Remember that the Moon moves leisurely, taking a whole hour to shift by its own diameter against background stars. The Pleiades are never entirely hidden because the Moon has a smaller angular size than the cluster. Most of the action happens between 9 p.m. and midnight PDT for skywatchers along the West Coast, and from midnight to 2 a.m. EDT for those on the Eastern Seaboard.
For example, San Franciscans can watch the Moon heading directly for the cluster’s bright central star, Alcyone, causing it to disappear at 9:43 p.m. PDT and emerge at 10:37 p.m. For Dallas the occultation of Alcyone lasts a much shorter time, from 11:50 p.m. CDT to 12:22 a.m., and takes place near the Moon’s southern edge. For those watching from the East Coast the Moon misses Alcyone, instead cutting a swath through the bright stars at the cluster’s western (right) end around midnight.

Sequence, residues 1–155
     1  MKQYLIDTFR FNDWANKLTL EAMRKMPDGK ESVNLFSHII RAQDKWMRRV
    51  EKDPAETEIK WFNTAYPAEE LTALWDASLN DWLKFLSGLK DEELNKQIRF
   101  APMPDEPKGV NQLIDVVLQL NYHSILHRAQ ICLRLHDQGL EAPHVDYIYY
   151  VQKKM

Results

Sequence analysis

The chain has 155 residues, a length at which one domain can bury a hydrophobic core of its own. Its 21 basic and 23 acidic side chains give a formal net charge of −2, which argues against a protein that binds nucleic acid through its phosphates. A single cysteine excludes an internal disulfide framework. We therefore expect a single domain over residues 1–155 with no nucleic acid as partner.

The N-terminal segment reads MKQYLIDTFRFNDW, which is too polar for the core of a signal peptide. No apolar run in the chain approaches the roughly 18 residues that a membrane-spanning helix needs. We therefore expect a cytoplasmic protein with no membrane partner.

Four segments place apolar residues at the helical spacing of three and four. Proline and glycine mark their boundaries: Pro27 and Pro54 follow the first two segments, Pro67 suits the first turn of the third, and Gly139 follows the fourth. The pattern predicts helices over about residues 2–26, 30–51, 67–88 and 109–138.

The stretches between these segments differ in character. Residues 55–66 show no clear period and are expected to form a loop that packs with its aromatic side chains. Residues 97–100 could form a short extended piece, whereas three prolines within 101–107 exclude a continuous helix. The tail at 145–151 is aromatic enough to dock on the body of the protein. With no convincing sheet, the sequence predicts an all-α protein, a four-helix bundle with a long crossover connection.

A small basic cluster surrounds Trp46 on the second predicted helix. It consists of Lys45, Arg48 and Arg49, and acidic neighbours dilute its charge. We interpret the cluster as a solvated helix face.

If you wish, you can predict the times when several dozen stars will disappear and reappear at your own location; refer to the Pleiades chart and Moon tracks for 11 US major cities found on page 63 of the October 2006 Sky & Telescope. Experienced observers often join expeditions to a “graze line,” where the Moon’s north or south edge just touches a star, perhaps causing it to wink off and on several times as lunar mountains glide by. Further details of this event, and the scientific uses of occultations in general, have been posted by David W. Dunham and Rob Robinson of the International Occultation Timing Association.
Or, you can simply relax at home with your backyard telescope, track the Moon for a few hours, and enjoy the surprises every few minutes!